Jules Hunter's death to highlight tragedy of euthanasia laws
PROMINENT euthanasia advocate, Dr Philip Nitschke, will present a public meeting and workshop on the subject in Jules Hunter's honour this week.
Her death will be used as an example of why the current laws should be changed.
When Jules turned to Exit International for help, it could do nothing but provide her with reading material. Anything more would have been illegal.
It's a scenario Dr Nitschke and the head of Exit International, Dr Fiona Stewart, see almost every day and are fighting to have changed.
Dr Stewart described the trauma of Jule's death as "tragic" and an indication of the cruelty of the current legal situation.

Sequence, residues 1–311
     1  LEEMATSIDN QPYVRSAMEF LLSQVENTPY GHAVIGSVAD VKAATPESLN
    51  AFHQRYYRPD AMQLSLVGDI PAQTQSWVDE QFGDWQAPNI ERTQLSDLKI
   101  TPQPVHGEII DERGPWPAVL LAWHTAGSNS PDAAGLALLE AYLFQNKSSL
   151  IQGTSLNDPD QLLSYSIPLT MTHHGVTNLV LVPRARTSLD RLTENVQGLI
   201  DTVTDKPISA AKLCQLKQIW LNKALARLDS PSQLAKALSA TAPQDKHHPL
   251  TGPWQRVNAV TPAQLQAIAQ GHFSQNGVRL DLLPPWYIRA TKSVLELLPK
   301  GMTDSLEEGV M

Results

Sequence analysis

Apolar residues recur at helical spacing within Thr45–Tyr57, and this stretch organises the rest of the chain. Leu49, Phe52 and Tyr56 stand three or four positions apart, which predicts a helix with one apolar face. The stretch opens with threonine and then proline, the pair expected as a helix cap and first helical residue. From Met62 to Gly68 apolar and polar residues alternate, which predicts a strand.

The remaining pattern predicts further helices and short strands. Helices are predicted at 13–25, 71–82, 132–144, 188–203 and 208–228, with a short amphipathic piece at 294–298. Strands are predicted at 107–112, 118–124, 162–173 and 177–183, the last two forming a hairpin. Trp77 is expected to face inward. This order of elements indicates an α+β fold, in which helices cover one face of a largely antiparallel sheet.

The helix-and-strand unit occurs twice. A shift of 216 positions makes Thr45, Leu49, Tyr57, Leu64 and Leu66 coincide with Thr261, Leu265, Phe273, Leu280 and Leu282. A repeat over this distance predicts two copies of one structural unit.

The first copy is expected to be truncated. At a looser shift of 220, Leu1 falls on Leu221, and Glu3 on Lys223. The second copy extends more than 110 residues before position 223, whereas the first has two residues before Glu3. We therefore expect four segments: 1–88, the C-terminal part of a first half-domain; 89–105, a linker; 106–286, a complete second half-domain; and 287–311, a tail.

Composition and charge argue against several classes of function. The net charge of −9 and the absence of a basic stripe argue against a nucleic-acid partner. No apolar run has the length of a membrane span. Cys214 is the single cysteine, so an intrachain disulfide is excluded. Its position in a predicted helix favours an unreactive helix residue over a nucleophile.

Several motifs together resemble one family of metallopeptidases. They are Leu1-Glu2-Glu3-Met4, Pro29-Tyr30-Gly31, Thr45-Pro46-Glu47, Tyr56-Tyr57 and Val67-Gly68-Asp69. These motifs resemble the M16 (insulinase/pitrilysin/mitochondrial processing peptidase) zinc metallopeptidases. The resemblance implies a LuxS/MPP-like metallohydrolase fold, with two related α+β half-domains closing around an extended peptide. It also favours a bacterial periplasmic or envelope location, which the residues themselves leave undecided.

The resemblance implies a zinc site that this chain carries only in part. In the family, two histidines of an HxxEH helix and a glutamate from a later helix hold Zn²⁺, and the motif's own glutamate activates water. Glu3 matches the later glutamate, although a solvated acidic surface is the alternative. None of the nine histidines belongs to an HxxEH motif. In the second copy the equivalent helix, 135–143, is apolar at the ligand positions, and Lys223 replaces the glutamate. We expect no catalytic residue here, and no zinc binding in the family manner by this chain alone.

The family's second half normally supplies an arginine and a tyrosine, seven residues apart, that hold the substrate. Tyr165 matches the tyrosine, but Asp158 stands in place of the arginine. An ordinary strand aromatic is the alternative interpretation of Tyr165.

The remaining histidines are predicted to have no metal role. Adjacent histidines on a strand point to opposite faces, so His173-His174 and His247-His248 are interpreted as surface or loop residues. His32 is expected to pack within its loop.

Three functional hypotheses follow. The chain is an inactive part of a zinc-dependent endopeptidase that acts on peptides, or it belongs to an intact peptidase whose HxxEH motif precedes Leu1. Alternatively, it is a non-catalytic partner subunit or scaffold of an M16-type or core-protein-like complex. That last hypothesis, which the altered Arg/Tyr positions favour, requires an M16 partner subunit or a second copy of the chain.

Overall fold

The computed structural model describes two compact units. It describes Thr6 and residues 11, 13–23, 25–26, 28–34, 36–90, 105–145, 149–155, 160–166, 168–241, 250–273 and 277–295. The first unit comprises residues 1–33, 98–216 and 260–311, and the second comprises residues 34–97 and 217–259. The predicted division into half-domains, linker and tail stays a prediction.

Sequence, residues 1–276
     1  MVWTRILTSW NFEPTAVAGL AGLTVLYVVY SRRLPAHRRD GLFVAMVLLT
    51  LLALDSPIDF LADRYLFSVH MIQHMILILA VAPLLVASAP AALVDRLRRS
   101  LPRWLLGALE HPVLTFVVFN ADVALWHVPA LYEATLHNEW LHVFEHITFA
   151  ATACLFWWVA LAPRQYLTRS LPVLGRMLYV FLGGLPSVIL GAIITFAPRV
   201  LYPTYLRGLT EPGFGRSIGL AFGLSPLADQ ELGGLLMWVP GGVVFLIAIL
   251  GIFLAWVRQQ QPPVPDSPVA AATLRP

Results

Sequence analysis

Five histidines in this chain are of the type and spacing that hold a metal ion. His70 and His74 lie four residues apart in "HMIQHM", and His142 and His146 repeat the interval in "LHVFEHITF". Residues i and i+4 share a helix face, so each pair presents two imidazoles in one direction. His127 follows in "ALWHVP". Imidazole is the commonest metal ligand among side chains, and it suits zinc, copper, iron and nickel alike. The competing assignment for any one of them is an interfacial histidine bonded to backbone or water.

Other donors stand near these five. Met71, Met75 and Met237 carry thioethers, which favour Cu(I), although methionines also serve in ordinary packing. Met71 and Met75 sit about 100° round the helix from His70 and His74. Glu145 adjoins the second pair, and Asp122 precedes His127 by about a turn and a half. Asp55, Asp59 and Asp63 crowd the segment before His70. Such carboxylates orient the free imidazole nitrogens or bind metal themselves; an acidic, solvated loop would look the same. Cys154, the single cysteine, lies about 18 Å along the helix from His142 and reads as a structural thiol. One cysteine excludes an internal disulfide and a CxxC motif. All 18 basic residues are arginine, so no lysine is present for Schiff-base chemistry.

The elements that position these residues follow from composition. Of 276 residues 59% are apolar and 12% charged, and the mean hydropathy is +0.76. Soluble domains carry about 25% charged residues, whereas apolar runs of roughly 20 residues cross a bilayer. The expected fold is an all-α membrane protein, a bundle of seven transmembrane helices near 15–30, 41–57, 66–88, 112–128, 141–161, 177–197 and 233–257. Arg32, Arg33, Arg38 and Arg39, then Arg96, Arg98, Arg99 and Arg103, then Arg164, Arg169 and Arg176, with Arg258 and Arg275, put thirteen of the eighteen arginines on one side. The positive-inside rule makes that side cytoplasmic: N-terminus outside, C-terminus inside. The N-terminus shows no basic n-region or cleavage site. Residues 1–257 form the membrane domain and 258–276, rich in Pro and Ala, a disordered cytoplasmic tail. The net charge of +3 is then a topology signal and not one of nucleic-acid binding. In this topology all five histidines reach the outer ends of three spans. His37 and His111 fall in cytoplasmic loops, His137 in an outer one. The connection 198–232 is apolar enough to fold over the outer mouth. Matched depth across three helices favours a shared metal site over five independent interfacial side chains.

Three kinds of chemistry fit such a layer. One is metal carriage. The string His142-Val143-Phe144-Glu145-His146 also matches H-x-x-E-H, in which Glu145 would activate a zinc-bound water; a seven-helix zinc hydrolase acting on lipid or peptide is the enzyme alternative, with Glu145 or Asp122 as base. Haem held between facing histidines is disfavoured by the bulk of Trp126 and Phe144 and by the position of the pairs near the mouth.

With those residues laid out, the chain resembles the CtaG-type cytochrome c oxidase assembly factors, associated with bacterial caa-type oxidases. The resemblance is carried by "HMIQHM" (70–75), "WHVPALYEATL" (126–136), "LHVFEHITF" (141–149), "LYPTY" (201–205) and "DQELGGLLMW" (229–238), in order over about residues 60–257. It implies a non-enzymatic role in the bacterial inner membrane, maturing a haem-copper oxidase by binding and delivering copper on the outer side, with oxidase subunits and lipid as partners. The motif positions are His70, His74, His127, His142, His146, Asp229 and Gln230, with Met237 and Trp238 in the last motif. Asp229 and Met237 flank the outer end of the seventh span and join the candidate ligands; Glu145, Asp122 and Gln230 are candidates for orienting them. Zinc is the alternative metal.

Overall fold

"Because MS is not a terminal illness, Jules would not have qualified to use a voluntary euthanasia law," she said.
"The only solution is to decriminalise assisted suicide, like it is in Switzerland.
"This way Jules would have been able to die at home with her family by her side."
Dr Nitschke's public meeting and workshop will be held at the Bicentennial Centre at Sunshine Beach at 1pm this Friday.
He will teach participants the importance of learning how to end their life and putting an end-of-life plan in place, should they be diagnosed with a serious illness.
The meeting is free and open to all but attendance at the workshop is restricted to people over 50 and "of sound mind".
*Do you have thoughts of suicide or self harm? Phone Lifeline on 13 11 14.